The Securities and Exchange Commission today announced that it has obtained final judgments by consent against three individuals charged for their roles in a $10 million boiler room scheme.
The SEC’s complaint, filed on July 12, 2017, alleged that Ronald Hardy and Anthony Vassallo, through boiler rooms they controlled, and together with Sergio Ramirez and other employees, engaged in a fraudulent scheme using threatening and deceitful sales tactics to pressure retail investors to purchase penny stocks. The defendants used information they learned about the victims’ purchase orders to facilitate the placement of opposing sell orders to dump shares owned by participants in the fraudulent scheme.
In a parallel criminal action, Hardy, Vassallo, and Ramirez pleaded guilty. Hardy was sentenced to 120 months in prison followed by three years’ supervised release. Vassallo and Ramirez are awaiting sentencing.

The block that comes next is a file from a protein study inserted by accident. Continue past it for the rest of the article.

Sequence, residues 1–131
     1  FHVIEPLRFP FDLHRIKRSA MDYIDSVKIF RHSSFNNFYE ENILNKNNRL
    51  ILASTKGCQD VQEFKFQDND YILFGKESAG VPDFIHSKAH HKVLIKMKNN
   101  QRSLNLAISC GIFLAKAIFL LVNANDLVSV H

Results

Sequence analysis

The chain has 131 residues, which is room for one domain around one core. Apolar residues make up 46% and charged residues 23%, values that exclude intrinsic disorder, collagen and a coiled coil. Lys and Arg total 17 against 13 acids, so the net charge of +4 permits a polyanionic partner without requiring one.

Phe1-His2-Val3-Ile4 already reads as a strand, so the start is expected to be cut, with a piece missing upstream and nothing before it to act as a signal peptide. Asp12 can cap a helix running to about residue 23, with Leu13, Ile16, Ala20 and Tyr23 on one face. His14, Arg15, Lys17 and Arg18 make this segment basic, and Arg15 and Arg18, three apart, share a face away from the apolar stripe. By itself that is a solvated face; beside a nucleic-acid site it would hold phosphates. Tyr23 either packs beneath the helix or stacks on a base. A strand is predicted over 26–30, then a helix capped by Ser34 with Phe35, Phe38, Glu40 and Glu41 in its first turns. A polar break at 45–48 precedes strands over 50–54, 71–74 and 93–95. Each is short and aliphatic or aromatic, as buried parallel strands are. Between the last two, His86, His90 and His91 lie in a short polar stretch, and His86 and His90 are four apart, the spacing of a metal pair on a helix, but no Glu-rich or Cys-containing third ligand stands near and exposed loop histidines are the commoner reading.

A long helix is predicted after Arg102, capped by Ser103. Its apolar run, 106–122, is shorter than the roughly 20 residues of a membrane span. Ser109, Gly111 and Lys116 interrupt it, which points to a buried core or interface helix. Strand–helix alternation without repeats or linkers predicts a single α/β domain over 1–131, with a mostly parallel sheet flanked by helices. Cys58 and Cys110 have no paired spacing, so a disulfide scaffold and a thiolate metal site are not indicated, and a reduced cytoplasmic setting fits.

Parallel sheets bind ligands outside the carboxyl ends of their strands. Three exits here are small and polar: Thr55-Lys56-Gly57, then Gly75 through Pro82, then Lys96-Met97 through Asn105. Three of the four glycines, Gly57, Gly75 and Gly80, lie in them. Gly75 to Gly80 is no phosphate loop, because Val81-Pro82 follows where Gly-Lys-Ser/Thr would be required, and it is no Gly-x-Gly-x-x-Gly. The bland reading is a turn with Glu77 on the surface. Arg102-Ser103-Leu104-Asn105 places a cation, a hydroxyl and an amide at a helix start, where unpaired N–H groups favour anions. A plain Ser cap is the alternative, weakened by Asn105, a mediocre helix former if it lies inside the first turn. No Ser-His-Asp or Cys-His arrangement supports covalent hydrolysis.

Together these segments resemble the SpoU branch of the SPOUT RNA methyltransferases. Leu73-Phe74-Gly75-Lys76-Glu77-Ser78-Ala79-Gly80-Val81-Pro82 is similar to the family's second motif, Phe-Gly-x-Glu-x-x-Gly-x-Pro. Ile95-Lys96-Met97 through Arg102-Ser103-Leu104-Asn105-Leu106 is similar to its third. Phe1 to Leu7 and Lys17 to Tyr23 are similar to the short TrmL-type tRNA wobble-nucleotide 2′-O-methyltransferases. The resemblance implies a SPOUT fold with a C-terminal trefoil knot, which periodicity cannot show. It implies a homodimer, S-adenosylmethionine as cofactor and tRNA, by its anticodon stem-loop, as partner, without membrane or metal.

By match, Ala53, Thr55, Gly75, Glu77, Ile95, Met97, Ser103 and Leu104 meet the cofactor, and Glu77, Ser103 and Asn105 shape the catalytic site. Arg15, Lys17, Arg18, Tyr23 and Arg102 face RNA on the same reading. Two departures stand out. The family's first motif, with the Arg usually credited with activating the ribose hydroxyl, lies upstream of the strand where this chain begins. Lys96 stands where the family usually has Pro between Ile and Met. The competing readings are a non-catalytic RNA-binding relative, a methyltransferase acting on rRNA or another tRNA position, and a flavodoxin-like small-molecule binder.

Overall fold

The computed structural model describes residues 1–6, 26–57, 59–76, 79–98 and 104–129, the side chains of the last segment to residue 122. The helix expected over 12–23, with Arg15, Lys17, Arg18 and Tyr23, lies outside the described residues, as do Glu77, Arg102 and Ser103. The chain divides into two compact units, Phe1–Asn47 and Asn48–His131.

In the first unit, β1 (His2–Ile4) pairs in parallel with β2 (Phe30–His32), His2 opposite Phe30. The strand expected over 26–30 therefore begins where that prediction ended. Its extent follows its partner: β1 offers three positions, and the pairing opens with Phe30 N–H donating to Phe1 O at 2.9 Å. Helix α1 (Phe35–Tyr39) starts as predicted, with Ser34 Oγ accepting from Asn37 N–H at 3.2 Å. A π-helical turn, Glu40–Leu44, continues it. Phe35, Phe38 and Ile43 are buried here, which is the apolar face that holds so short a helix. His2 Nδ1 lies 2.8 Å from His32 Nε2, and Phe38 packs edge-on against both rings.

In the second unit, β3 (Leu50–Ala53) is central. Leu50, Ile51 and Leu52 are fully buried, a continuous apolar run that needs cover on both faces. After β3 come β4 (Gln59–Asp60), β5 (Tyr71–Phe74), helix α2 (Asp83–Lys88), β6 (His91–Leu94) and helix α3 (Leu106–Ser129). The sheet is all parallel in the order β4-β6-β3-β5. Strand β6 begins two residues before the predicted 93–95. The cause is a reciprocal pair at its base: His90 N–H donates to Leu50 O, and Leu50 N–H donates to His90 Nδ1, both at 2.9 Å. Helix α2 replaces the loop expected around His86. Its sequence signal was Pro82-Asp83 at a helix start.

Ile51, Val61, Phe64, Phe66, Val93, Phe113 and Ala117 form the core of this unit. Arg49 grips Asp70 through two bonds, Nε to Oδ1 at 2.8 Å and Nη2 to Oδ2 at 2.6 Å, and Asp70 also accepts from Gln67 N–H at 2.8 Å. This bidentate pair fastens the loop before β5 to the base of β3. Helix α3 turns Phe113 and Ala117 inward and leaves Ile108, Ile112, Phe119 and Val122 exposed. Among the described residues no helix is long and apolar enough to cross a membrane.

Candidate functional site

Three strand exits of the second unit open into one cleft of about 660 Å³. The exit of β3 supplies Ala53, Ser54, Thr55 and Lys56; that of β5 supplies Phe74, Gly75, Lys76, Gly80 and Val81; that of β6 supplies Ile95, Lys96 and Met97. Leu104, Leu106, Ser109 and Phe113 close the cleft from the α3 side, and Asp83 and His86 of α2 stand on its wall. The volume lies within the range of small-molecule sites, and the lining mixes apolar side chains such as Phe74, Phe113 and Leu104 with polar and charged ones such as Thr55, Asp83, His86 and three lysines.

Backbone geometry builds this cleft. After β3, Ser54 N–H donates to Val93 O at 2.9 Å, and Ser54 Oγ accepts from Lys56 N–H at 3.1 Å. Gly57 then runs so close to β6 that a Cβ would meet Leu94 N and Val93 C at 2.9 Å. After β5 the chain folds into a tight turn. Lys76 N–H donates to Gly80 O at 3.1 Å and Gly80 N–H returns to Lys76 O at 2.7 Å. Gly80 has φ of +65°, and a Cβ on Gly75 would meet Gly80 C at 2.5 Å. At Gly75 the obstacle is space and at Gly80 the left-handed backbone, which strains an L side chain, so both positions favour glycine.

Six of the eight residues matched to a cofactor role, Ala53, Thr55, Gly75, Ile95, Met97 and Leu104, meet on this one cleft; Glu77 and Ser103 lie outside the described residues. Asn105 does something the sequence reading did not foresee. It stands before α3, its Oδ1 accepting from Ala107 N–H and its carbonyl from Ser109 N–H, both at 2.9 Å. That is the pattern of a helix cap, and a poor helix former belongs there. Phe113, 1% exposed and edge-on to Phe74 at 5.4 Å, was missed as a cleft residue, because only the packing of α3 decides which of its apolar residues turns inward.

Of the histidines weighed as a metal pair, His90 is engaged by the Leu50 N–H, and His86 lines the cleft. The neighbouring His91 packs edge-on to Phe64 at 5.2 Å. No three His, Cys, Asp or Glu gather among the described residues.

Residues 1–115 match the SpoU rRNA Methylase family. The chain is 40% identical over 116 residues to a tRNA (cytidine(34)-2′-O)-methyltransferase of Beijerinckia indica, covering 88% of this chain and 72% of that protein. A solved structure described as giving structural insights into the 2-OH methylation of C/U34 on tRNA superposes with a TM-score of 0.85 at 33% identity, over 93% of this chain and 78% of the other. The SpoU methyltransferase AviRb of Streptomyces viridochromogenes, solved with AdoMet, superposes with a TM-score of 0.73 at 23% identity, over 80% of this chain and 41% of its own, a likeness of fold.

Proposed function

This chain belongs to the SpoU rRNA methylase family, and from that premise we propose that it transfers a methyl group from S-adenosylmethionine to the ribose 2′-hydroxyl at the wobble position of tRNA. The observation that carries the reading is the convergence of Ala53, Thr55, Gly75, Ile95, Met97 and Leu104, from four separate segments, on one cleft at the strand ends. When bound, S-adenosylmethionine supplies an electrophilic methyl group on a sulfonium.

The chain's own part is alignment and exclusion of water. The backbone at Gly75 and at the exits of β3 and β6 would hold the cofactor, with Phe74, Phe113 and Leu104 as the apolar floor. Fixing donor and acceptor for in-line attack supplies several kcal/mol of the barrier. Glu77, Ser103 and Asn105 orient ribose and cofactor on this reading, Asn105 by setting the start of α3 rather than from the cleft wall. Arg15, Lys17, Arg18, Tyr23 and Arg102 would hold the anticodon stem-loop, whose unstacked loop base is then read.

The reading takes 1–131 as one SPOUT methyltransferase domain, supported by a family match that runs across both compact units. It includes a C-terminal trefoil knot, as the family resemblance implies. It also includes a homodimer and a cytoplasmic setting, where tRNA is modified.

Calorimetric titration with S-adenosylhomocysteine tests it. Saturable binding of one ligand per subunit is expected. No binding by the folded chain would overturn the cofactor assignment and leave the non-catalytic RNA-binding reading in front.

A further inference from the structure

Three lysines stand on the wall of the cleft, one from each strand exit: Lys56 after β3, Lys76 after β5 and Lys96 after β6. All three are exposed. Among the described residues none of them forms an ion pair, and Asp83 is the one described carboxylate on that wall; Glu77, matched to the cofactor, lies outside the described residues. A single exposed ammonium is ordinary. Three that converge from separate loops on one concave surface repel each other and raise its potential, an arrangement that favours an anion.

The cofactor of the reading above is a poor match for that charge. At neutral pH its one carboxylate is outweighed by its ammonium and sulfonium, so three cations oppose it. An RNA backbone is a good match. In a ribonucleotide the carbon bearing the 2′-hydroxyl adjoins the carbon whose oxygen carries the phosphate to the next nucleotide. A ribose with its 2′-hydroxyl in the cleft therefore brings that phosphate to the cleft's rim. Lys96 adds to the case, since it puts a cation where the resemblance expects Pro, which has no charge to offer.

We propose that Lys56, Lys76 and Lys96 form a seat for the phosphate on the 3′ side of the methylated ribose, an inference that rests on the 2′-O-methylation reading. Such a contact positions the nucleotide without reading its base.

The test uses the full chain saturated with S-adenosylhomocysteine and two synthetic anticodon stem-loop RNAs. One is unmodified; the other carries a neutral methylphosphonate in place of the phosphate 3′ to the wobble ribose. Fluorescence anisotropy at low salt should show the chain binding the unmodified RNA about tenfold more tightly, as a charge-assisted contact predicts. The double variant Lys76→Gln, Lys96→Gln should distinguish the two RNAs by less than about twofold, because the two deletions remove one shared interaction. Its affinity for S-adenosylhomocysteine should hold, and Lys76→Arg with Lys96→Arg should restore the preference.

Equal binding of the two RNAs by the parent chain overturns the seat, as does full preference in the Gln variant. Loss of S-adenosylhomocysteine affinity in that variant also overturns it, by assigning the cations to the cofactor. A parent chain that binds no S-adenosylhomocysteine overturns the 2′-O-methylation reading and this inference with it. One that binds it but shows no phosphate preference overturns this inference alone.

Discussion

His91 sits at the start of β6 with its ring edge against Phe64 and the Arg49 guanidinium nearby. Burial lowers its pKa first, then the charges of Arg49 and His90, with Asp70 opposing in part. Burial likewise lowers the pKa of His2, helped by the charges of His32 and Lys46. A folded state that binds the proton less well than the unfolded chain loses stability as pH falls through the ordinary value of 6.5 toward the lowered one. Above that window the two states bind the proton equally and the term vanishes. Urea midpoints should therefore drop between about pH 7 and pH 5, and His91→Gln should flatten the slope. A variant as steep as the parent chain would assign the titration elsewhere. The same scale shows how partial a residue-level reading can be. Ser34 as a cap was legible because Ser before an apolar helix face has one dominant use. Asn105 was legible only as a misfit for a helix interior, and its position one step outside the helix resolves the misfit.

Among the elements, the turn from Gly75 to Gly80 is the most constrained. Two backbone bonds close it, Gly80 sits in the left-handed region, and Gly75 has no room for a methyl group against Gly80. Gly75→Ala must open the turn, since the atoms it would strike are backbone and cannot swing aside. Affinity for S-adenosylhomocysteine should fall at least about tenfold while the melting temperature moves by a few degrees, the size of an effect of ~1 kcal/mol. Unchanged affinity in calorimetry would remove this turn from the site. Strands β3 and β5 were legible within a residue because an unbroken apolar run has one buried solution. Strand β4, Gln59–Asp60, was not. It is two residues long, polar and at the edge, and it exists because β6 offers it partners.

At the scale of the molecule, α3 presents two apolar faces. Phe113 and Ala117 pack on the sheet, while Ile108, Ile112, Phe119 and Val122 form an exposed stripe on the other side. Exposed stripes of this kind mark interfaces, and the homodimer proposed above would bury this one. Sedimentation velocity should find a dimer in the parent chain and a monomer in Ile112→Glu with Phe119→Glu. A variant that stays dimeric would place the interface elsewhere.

The final judgments enjoin Hardy, Vassallo, and Ramirez from violating the antifraud provisions of Section 17(a) of the Securities Act of 1933 and Section 10(b) of the Securities Exchange Act of 1934 and Rule 10b-5 thereunder, and the broker-dealer registration provision of Section 15(a) of the Exchange Act, and enjoin Vassallo from violating the market manipulation provisions of Section 9(a) of the Exchange Act. The final judgments order Hardy, Vassallo, and Ramirez to disgorge $2,212,946, $2,446,137, and $251,615 respectively, plus prejudgment interest, which is deemed satisfied by the forfeiture and restitution ordered in the parallel criminal action. The judgments also impose penny stock bars. In settled administrative proceedings, Hardy, Vassallo, and Ramirez, were previously barred from the securities industry.
The SEC’s continuing investigation is being conducted by Cecilia B. Connor and Andrew Elliott and supervised by Carolyn M. Welshhans and Amy L. Friedman, with assistance from Leigh Barrett. The SEC’s litigation is being handled by James Smith and Matthew Scarlato and supervised by Jan Folena. The SEC appreciates the assistance of the U.S. Attorney’s Office for the Eastern District of New York, the Federal Bureau of Investigation, and the Financial Industry Regulatory Authority.